CH: How do you maintain a health and nutritional diet while on the road?
Roddick: "Not as well as I should, I come and go with that ... so we'll leave that one alone. I couldn't give you a very responsible answer (laughs)."
"Is Your Racquet Ready For Spring and Summer Play?"
Some of us play tennis year round, so keeping our racquet in good playing shape is continuous, but for those of us who are just getting back at it, or are somewhat seasonal players, it just might be time to take a look at the weapon we're using.
When was the last time it was restrung? How old is the racquet? Is the grip in good playing condition?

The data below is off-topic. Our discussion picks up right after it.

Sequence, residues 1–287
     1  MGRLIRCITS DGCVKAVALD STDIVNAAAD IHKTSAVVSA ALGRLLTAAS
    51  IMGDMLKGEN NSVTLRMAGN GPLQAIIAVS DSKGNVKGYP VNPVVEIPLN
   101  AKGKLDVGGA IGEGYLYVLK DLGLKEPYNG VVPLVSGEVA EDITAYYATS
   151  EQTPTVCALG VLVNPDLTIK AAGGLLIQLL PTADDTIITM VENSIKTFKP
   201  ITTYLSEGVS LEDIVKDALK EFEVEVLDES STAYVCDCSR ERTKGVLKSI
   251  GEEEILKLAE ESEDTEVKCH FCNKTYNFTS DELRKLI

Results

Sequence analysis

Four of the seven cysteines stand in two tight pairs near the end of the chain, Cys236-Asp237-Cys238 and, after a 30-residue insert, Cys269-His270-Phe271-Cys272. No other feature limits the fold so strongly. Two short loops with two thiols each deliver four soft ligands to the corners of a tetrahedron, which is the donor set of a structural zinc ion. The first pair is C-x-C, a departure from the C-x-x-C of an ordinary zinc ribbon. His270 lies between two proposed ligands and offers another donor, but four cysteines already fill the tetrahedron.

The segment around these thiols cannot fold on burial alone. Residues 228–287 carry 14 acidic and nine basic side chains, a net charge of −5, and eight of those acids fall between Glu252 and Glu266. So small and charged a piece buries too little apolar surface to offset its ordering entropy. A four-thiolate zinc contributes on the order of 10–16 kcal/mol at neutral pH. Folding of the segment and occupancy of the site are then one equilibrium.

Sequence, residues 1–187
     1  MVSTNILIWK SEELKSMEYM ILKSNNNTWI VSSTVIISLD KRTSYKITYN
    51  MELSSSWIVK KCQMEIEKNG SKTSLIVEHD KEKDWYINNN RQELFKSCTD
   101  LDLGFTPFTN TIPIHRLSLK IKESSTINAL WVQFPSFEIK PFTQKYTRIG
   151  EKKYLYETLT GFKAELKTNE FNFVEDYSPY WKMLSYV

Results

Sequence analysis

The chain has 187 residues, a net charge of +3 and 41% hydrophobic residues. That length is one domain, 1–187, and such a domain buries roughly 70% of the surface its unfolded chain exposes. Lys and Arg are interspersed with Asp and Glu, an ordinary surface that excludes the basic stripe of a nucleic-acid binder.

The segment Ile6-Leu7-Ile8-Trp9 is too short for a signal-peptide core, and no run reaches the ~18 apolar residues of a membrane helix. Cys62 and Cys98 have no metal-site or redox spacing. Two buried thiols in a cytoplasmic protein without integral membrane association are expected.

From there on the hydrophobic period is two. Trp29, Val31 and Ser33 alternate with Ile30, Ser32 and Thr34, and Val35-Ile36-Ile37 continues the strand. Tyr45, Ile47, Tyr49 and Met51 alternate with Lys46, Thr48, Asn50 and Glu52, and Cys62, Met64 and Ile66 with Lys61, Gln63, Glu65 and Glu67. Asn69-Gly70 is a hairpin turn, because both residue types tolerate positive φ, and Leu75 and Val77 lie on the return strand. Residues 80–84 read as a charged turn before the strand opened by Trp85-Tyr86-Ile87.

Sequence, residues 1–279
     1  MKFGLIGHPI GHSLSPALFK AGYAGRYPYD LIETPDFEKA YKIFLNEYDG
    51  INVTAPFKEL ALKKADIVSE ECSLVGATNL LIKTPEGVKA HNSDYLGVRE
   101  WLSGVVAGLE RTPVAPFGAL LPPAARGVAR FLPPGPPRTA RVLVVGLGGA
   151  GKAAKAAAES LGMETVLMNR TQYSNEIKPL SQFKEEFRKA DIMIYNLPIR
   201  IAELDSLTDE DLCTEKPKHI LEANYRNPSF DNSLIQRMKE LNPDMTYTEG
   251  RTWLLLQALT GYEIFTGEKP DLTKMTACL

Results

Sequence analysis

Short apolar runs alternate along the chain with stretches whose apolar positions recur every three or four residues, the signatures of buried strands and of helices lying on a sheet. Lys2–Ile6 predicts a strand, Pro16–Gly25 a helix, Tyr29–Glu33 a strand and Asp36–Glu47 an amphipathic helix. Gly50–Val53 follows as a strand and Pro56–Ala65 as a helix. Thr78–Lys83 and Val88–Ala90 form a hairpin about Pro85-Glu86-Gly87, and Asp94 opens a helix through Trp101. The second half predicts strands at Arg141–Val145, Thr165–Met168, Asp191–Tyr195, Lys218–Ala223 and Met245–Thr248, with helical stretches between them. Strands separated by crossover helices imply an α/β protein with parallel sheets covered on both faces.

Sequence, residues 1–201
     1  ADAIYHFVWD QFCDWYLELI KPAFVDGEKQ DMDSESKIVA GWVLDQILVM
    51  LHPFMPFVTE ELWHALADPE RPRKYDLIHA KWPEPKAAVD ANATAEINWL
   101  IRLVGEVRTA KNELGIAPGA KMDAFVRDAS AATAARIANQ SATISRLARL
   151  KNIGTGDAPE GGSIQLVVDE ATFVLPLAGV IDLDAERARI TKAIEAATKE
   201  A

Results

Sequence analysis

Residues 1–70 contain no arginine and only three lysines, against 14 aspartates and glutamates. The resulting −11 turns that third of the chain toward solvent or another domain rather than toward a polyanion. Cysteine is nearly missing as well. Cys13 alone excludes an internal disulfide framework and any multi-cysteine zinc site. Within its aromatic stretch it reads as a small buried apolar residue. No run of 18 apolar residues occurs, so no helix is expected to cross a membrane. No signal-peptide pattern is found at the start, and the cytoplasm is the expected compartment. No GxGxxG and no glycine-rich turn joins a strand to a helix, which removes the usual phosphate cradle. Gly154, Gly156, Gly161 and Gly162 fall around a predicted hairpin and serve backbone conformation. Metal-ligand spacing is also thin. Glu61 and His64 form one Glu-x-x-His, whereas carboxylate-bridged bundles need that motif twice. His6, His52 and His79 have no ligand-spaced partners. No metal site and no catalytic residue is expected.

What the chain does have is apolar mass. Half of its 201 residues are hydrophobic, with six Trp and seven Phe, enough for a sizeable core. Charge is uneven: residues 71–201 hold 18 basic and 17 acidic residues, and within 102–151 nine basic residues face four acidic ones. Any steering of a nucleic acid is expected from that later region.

Your first question should be ... is the cost of fixing this racquet worth thinking about up-dating to a new one? To restring a racquet the cost ranges from $20 to $30. To put a new grip on is around $10. A decent new racquet might cost you $50 to $100 and with the newest technology. Give it some thought.
Your racquet might need to be restrung if any of the following questions can be answered yes. It hasn't been restrung in the last year. The strings are worn and/or discolored in the sweet spot. The strings are notched. Also check the bumper guard to see it needs to be replaced.
If your grip is worn, slippery, or you think you might have the wrong grip size, have your local pro get you squared away by taking a look at it.
Now, if you're still playing with a wood racquet, you are definitely due to visit a sporting goods store right away. (Do save your old woodie for the 10th Annual Legends Wood Racquet Tournament, April 25 here in Prescott.)
(Chris Howard is a local USPTA Tennis Professional with over 30 years in the racquet and fitness industry. He can be reached at 445-1331 or email@example.com)